The History of Middlesex

Part One


DURING the Saxon régime vast areas of swamp in Middlesex had been reclaimed, more roads built and forests cleared and, whilst London in particular had grown into a large and flourishing city, the development of Middlesex had no doubt also been considerable.

As has been the case in succeeding centuries, London dominated the development of Middlesex, for by the nature of its situation London has always formed the market for Middlesex, both in regard to supplies and labour.


When William of Normandy landed at Hastings in 1066, Middlesex was a typical agricultural area and possessed no town of any importance.

The news of William’s victory at Hastings over the Saxon forces of Harold spread quickly to London, where a council of State was at once called. By this time the northern army, which Harold had left when he hastened south, was rapidly approaching the city, and neighbouring inhabitants sought the protection of its walls, as was their custom in times of danger. Two courses therefore presented themselves to the chief men in the city: either to admit the victory of William and submit to him, or to fight it out. They decided on the latter course, and elected Edgar, the grandson of Edmund Ironside, as their King.

On the approach of William’s forces, the Saxons made an unsuccessful attempt to dislodge them from Southwark, but even this small success did not tempt William to make the fatal error of a frontal attack on the city, and he led his army westwards to a crossing of the Thames at Wallingford, between Reading and Oxford. The Conqueror’s army then turned eastwards and marched through Hertfordshire and Middlesex, laying waste the country on its way. The news of the strength and efficiency of the invaders and their rapid approach towards the city influenced the inhabitants to call another council early in December to reconsider the position and at this the vital decision was made to accept William’s claim to the throne.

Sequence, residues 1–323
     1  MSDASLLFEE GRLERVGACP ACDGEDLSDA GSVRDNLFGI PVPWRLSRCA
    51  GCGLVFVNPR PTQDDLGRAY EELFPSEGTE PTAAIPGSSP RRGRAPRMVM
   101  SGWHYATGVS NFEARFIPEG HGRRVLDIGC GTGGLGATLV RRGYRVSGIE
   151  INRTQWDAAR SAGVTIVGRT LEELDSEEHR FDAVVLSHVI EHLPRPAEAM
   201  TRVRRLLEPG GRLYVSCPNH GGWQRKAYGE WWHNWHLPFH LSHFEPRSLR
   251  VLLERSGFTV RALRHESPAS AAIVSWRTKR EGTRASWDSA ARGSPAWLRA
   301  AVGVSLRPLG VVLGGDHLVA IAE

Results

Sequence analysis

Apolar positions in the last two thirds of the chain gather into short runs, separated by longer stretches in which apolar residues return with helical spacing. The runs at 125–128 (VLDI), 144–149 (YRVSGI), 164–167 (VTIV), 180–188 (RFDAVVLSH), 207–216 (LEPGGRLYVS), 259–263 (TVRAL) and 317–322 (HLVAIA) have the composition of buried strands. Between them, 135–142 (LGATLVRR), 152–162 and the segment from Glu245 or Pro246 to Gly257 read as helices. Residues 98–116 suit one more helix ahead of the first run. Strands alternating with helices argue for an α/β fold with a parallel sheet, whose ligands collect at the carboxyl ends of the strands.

Leaving his army at Barking, William and his staff made for Westminster, where Edward the Confessor had already built his abbey and palace, and on Christmas Day, 1066, he was crowned in Westminster Abbey amidst the applause of both Saxons and Normans.

Soon after his coronation, William proceeded to secure his position, and his first step in this direction was to build the Tower of London so as to protect him from the raids of the Norsemen, and at the same time to overawe the citizens and their neighbours. He also ousted the Saxon landowners and divided the country among his own faithful followers.

This task having been accomplished, he set in motion the compilation of one of the most remarkable surveys in history, that is to say the Domesday Book. This book—or rather books, for there are two of them—is still in existence, and may be seen at the Public Record Office in Chancery Lane. It was a complete survey of such parts of England as had submitted to his rule and set out the name of the holder and the approximate area of each manor, its value and the name of the previous holder in the time of Edward the Confessor.